Saturday’s 5k… didn’t go as I hoped at all but I still finished in 43:32. My knee worsened and I walked, stopping for a break twice… not a bad time considering that! Can’t wait until next year! Thanks a bunch.
You can provide feedback on the MBTS Facebook page here
Dave Horgan celebrates after completing the half marathon Sunday.
It was wonderful to see and feel the buzz that the organizers created around this year’s Marathon by the Sea. The single greatest improvement that they made was moving the race back Uptown and into a venue that is second to none.
There are very few courses around that quite compare to Marathon by the Sea! It is such a challenging course that it pushes you to your very limits. This year was no different and I was very happy with my 1:39 finishing time.
It was great to see so many familiar faces and to be cheered into the finish chute by my running friends. I am now looking forward to my upcoming marathon at the Maritime Race weekend, followed a week later by a relaxing run across the Confederation Bridge to celebrate Terry Fox’s legacy! One of the main reasons “why I run!”.
All spring and summer long I’ve looked forward to this year’s Marathon by the Sea and it definitely did not disappoint. This was by far the
Carolyn Radcliffe crosses the finish line of the 10 km race Sunday.
most challenging 10km that I’ve run to date and it was also the first one in some time that I had run by myself.
Nonetheless, there was such a big smile on my face as we set out down Water Street. It might have faded by the time we got to our first hill going up Lansdowne Avenue by the Petro Canada but all-in-all it was a fantastic run. I’m always impressed with the rest of the runners. Their determination and focus kept me going to set a new personal best of 1:02:42. With all those hills I’m pretty proud of that time.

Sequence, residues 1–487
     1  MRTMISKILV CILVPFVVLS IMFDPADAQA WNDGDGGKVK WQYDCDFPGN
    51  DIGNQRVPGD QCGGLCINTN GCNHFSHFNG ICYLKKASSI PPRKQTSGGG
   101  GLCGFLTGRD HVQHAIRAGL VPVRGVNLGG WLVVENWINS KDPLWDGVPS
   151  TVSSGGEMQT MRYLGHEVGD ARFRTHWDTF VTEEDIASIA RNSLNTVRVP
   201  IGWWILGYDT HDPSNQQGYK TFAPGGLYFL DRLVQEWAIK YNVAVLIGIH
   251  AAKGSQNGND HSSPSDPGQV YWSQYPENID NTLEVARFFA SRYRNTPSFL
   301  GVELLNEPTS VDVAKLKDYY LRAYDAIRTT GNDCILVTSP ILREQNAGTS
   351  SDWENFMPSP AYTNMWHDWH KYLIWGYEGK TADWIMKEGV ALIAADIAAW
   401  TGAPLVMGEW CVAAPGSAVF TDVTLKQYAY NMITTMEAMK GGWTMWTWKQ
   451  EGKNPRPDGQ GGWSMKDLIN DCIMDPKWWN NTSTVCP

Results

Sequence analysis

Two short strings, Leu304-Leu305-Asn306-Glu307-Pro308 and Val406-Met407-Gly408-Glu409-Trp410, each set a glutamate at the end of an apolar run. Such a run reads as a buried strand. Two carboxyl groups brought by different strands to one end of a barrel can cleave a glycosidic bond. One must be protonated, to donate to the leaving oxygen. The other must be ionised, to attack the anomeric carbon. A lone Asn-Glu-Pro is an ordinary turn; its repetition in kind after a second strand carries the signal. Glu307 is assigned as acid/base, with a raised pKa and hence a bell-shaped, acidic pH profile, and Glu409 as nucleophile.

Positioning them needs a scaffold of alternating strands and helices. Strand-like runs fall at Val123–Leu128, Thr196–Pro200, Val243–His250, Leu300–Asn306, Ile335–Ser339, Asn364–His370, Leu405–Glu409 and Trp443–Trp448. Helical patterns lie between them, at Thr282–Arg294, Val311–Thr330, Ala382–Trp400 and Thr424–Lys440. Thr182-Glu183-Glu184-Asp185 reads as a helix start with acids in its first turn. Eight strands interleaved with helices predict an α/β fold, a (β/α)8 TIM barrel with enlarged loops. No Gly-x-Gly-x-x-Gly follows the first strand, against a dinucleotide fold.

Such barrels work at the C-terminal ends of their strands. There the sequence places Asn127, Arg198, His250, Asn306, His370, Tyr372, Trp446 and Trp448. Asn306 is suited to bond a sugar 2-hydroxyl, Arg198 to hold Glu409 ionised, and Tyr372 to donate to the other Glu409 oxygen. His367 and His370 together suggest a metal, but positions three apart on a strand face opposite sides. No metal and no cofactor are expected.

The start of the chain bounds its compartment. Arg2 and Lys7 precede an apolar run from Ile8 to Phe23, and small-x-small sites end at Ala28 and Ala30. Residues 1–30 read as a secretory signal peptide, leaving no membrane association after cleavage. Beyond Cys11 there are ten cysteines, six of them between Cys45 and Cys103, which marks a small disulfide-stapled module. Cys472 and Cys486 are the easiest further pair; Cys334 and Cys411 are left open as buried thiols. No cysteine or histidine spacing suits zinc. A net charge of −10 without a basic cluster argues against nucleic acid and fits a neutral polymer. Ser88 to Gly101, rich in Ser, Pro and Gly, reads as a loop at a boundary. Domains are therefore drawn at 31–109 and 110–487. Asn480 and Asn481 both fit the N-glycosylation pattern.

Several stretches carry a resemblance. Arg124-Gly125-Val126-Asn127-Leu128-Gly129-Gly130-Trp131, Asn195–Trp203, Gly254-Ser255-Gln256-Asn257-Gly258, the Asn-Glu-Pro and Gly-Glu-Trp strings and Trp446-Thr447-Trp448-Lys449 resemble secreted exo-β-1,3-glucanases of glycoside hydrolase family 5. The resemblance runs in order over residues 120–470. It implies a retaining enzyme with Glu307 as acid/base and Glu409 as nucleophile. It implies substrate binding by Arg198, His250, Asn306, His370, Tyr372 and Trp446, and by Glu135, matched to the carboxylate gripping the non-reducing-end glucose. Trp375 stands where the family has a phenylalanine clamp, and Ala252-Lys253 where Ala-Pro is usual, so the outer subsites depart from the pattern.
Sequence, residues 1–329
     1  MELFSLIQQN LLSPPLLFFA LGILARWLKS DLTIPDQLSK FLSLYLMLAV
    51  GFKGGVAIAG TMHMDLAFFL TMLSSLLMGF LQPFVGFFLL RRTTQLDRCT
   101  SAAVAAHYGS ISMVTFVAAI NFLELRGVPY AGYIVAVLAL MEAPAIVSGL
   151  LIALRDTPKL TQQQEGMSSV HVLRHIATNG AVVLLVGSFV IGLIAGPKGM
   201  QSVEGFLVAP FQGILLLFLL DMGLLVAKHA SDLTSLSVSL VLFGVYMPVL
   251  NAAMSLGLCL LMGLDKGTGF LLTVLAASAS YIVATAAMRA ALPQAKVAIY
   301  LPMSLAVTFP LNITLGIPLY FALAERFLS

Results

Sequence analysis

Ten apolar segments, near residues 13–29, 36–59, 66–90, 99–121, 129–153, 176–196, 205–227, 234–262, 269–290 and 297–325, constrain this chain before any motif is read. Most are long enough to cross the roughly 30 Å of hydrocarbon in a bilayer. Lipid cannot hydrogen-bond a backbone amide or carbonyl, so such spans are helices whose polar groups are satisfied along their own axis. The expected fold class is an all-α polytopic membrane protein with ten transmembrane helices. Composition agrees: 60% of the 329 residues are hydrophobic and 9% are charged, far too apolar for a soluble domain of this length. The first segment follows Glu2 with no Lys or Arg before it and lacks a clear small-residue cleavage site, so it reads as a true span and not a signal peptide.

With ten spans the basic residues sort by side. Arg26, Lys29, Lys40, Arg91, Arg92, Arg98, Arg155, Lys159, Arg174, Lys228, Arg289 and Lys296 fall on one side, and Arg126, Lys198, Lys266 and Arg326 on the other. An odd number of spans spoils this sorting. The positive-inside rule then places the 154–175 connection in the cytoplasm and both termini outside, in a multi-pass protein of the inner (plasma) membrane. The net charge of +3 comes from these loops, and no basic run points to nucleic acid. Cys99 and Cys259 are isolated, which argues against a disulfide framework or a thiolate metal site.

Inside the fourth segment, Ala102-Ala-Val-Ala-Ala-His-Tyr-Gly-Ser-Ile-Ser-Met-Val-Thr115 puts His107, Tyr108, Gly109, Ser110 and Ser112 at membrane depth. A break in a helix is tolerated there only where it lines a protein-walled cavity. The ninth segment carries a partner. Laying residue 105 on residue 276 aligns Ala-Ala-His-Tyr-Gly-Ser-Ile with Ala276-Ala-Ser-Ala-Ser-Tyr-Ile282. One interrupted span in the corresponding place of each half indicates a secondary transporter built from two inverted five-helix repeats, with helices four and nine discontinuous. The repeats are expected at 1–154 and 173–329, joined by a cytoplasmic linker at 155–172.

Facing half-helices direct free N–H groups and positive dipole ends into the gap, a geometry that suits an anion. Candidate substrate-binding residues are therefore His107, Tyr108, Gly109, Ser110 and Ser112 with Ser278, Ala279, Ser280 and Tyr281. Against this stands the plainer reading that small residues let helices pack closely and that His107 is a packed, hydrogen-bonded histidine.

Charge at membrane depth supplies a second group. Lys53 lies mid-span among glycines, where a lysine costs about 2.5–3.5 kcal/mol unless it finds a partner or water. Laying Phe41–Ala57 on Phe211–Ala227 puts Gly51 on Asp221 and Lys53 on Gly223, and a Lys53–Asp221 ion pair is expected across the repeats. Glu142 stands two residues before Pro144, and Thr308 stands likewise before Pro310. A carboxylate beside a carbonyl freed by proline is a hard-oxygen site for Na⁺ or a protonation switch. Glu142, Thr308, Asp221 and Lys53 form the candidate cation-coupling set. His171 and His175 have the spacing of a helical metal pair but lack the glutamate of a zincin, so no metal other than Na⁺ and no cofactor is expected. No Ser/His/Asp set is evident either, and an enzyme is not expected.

I’d like to sincerely thank Marathon by the Sea’s volunteers, everyone who came out to cheer us on and all of the sponsors. This event would not be the success it is without your time and efforts. Thanks Kevin Barrett for featuring me on the Running Whys. MTBS is truly the highlight of my running season and it gave me such an extra push to know I’d have to write a follow-up piece after the race.
I was incredibly glad to cross the finish line and see my man Brad and my father Roger waiting for me. To them, thank you! Looking at just some of the finish line photos, I can tell everyone shared that same feeling of hard-earned pride, satisfaction and victory. Thanks for a stellar event. See you next year everyone!
Todd Price, left, runs toward the finish of the marathon Sunday with training partner Shelley Doucet, centre, and his sister, on the bike, Tracey Price-Emerson.
Just wanted to say a huge THANK YOU to the over 200 people Janet Thompson-Price and I counted who have reached out to me in the past two days. When all is said and done and I’ve had time to reflect, I had a great experience at Marathon by the Sea.
I tested my character and with much needed help, I resolved (and re-qualified for Boston, which let’s face it, is always a good day). To quote one of my good friends “when you watch one of your heroes struggle, it makes your own goals a bit more attainable”
I’m more amazed by the compassion and support from the Saint John running community and my friends and family than by anything I’ve physically accomplished in the past. Marathon by the Sea means an enormous amount to me personally and to the City of Saint John. The organizing committee did a fantastic job and I’ll definitely be back in 2016. I’m also re-running from the bridge to the finish line again this week. I need to re-do that before vacation.